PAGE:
Refractometer Takes Out All the Guesswork

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What matters most, our testing confirms, is not so much which brand of pink stuff you choose, but how you use it. Even the best product, mixed with too much water left in the line, results in a blend with unknown and perhaps unsatisfactory performance. While this may not be critical in North Carolina, sailors in Wisconsin need to get it right.

There is only one way to do that; measure the glycol as it comes out the other end of the plumbing. A $10 hydrometer from the local auto-parts store will do this. You have to collect a suitable volume in a cup, and if there is any oil (which floats) or dirt (which sinks), the reading will be affected. Remember to first check the calibration with water; if its off, buy a new one. In the end, you can guess based on color.

Or you can buy a tool that will last a lifetime, can be calibrated (small hidden screw on the bottom side) to read within 1 degree of the true freeze point of either PG or EG, using only a few drops, and will even read the state-of-charge on your batterys wet cells. We are speaking of the pocket refractometer, which looks like a small spotting scope.

In addition to changing the density of water, glycols, alcohols, and acid affect the way light is bent, and a refractometer can measure this change. To operate it, the user places a few drops of the target liquid on the prism, closes the cover, looks in the eye piece, and sees a sharp line that can be read in seconds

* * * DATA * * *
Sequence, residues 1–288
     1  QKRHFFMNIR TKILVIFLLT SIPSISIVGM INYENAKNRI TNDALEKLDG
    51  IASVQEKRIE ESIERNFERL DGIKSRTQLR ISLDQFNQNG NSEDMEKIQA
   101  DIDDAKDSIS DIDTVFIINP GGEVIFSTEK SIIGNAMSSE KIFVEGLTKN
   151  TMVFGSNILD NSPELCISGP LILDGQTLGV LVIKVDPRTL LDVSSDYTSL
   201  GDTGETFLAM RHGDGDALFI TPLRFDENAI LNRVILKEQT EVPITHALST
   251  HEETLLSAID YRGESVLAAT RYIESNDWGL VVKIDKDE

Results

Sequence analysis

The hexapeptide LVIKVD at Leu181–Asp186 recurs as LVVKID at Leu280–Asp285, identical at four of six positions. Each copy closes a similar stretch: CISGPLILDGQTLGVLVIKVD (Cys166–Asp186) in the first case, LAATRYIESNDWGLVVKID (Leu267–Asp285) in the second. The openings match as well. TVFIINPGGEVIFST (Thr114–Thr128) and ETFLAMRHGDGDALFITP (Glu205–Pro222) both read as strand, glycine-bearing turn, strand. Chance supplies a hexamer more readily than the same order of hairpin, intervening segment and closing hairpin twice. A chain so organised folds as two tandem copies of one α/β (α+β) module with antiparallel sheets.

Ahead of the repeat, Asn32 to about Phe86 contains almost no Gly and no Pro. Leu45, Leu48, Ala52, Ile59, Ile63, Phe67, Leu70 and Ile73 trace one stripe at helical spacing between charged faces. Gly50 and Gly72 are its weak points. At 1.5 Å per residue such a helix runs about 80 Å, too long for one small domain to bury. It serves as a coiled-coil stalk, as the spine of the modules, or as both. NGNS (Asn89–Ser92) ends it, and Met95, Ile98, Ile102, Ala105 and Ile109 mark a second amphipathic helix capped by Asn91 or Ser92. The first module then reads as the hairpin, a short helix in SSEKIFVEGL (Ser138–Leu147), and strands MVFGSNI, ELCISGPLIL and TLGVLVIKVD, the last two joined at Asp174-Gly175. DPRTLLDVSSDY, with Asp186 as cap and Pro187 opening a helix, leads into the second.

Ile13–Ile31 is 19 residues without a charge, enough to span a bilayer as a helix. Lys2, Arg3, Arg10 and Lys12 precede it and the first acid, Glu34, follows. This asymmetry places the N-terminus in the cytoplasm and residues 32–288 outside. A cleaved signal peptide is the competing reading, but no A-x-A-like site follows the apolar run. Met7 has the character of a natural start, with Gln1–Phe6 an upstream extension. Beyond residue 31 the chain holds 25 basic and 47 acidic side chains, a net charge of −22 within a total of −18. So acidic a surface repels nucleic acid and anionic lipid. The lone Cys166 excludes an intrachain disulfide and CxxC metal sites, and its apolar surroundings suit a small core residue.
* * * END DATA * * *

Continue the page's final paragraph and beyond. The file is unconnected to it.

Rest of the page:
Pocket refractometers sell for $75 to $150 through many online auto-parts retailers.

Darrell Nicholson, editor of Practical Sailor, grew up boating on Miami’s Biscayne Bay on everything from prams to Morgan ketches. Two years out of Emory University, after a brief stint as a sportswriter, he set out from Miami aboard a 60-year-old wooden William Atkin ketch named Tosca. For 10 years, he and writer-photographer Theresa Gibbons explored the Caribbean, crossed the Pacific, and cruised Southeast Asia aboard Tosca, working along the way as journalists and documenting their adventures for various travel and sailing publications, including Cruising World, Sail, Sailing, Cruising Helmsman, and Sailing World. Upon his return to land life, Darrell became the associate editor, then senior editor at Cruising World magazine, where he worked for five years. Before taking on the editor’s position at Practical Sailor, Darrell was the editor of Offshore magazine, a boating-lifestyle magazine serving the New England area. Darrell has won multiple awards from Boating Writer’s International, including the Monk Farnham award for editorial excellence. He holds a U.S. Coast Guard 100-ton Master license and has worked as a harbor pilot and skippered a variety of commercial charter boats.

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